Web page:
11:15 A.M. EST
THE PRESIDENT: Thank you. (Applause.) Good morning.
MS. KLIFF: Good morning.
MR. KLEIN: Thank you for being here.
THE PRESIDENT: It is great to be here. And thank you so much for all the good reporting you guys have been doing on this important issue.
MR. KLEIN: Thank you.
MS. KLIFF: So we will get started. So there was an expectation that was shared among many of your staff, many congressional Democrats, that as the Affordable Care Act rolled out, as it delivered benefits to millions of people, that it would become more popular. It would be safe from repeal or even substantial reform. And it appears at this point that doesn’t seem to be quite true. What do you think that theory got wrong? Why didn’t the health care law become more popular?
THE PRESIDENT: Well, let’s back up and say from the start there’s a reason why for a hundred years no President could get expansion of health care coverage beyond the work that had been done for Medicare and Medicaid, targeting primarily seniors. And the reason was that this is hard. The health care system is big; it is very personal. Families I think recognize the need for health insurance, but it's not something that they think about except when things go wrong — when you have an accident or you're sick. And so any costs, particularly at a time when families are feeling stressed economically, any added costs, higher premiums, higher co-pays, all that ends up having real impacts on families.
And so the challenge of getting it passed was always the fact that, unlike other advanced countries, we didn’t start with a system in which everybody was covered, and we have a very complicated marketplace, and we have third-party insurers. And what that meant was that even after we got the law passed anything that dissatisfied people about the health care system could be attributed to — quote, unquote — “Obamacare,” even if it had nothing to do with Obamacare. And that was something that we recognized even when we were trying to get the law passed.
The other thing is the fact that the unwillingness of Republicans in Congress and around the country, including some governors, to, after the fight was over, say, all right, let’s try to make this work — the way Democrats did during the time when President Bush tried to expand the prescription drug program, Part D — meant that the public never heard from those who had originally been opposed any concession that, you know what, this is actually doing some good. And that ends up affecting public opinion.
And the third thing is that whenever you look at polls that say 40-something percent are supportive of the law and 40-something percent are dissatisfied — in the dissatisfied column are a whole bunch of Bernie Sanders supporters who wanted a single-payer plan. (Laughter.) And so the problem is not that they think Obamacare is a failure; the problem is that they don't think it went far enough and that it left too many people still uncovered, that the subsidies that people were getting weren’t as rich as they should have been, that there’s a way of dealing with prescription drug makers in a way that drives down those costs. And so all those things meant that even after the law was passed there was going to still be a lot tough politics.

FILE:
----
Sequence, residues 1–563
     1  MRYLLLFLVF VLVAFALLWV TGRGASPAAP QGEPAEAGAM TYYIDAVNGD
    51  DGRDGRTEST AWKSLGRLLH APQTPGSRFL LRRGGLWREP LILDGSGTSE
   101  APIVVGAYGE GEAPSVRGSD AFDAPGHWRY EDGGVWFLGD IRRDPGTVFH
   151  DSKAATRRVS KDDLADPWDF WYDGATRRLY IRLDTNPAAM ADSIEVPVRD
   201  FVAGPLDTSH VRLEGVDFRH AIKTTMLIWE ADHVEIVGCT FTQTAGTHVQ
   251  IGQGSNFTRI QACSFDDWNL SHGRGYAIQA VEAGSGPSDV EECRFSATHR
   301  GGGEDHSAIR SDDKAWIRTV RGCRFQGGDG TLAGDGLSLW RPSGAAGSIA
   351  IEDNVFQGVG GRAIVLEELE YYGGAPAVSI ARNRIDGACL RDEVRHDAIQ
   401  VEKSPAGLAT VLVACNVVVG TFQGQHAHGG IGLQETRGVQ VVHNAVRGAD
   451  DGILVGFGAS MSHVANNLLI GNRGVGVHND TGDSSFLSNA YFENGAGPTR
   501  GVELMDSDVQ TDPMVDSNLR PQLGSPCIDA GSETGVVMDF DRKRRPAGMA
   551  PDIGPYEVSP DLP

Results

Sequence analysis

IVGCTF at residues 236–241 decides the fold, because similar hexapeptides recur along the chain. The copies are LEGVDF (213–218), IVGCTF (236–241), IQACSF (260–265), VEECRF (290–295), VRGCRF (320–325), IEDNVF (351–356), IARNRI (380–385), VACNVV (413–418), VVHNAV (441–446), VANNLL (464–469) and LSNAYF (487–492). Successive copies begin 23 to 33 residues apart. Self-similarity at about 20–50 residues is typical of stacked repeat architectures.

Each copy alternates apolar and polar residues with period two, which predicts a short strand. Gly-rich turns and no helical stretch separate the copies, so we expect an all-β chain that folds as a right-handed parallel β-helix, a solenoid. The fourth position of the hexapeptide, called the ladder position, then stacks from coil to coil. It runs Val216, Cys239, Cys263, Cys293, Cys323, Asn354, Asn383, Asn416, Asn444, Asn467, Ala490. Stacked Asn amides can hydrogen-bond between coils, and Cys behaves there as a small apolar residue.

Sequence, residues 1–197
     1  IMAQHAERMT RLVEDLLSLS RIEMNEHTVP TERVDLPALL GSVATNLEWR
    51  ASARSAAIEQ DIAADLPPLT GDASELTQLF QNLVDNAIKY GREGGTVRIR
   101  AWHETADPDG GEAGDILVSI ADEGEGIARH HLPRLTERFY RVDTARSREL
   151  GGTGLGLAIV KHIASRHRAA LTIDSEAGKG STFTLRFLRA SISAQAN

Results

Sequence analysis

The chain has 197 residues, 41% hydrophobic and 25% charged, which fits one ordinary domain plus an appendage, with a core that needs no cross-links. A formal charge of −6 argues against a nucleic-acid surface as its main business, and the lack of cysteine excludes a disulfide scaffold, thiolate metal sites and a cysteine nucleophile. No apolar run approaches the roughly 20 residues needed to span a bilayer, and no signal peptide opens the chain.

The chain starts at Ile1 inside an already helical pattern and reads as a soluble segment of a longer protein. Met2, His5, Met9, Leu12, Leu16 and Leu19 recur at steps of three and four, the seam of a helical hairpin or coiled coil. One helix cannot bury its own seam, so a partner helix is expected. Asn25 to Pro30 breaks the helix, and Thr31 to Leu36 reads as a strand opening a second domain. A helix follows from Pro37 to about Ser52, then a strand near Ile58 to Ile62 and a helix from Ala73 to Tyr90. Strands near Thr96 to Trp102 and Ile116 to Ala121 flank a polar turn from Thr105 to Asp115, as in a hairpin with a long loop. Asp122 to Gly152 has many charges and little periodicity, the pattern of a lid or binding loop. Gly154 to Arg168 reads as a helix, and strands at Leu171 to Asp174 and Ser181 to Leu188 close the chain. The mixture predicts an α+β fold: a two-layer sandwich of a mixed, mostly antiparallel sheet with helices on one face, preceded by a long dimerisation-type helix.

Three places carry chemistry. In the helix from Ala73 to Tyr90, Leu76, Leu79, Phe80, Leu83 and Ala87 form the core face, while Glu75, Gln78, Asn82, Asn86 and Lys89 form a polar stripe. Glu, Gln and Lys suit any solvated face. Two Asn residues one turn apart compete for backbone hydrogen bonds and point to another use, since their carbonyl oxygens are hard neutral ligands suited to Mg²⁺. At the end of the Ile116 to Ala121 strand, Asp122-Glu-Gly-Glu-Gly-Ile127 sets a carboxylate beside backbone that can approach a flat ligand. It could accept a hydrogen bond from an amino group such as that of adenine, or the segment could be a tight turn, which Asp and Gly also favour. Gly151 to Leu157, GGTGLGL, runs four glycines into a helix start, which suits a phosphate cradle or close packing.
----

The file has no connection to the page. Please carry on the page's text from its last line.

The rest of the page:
Having said all that, the thing that I've been most proud of is the fact that not only have we gotten 20 million people covered, not only have we been able to reduce the pace at which health care costs have been going up — ever since the law was passed, basically health care inflation has been as low as it's been in 50 years, which has saved the federal government hundreds of billions of dollars, extended the Medicare trust fund by 11 years — but most importantly, for the people who have gotten insurance through the exchanges, there’s been pretty high satisfaction rates, as surveys have shown.
So rather than look at public opinion as a whole, the thing I've been most interested in is, how is this affecting the people who have gotten benefits? These are real families who have gotten real coverage. And I get letters every single day from people who say, this has saved my life, or this has saved my bank account, or this has made sure that my son who got hooked on some sort of opioid was able to get treatment, or I was able to get a mammogram that caught a cancer in time. And that ultimately is the measure of the success of the law.
MR. KLEIN: So do you think this dynamic where when you reform the health care system, you own it goes the other way? Republicans are beginning with the repeal-and-delay strategy. President-elect Trump has said that he does want to repeal Obamacare, but he also wants to replace it with something that covers as many people — or he said that at least at certain points.
Do you think that the dynamic in which you became responsible for what people didn’t like is going to hamper Republican movement in their efforts to change a system that maybe they don’t like but does have a lot of people relying on it?
THE PRESIDENT: Well, let me start from a very simple premise: If it works, I’m for it. If something can cover all Americans, make sure that if they have a preexisting condition they can still get coverage, make sure that prescription drugs are affordable, encourage preventive measures to keep people healthy, that makes sure that in rural communities people have access to substance abuse care or mental health care, that Medicare and Medicaid continue to function effectively — if you can do all that cheaper than we talked about, cheaper than Obamacare achieves and with better quality and it’s just terrific, I’m for it.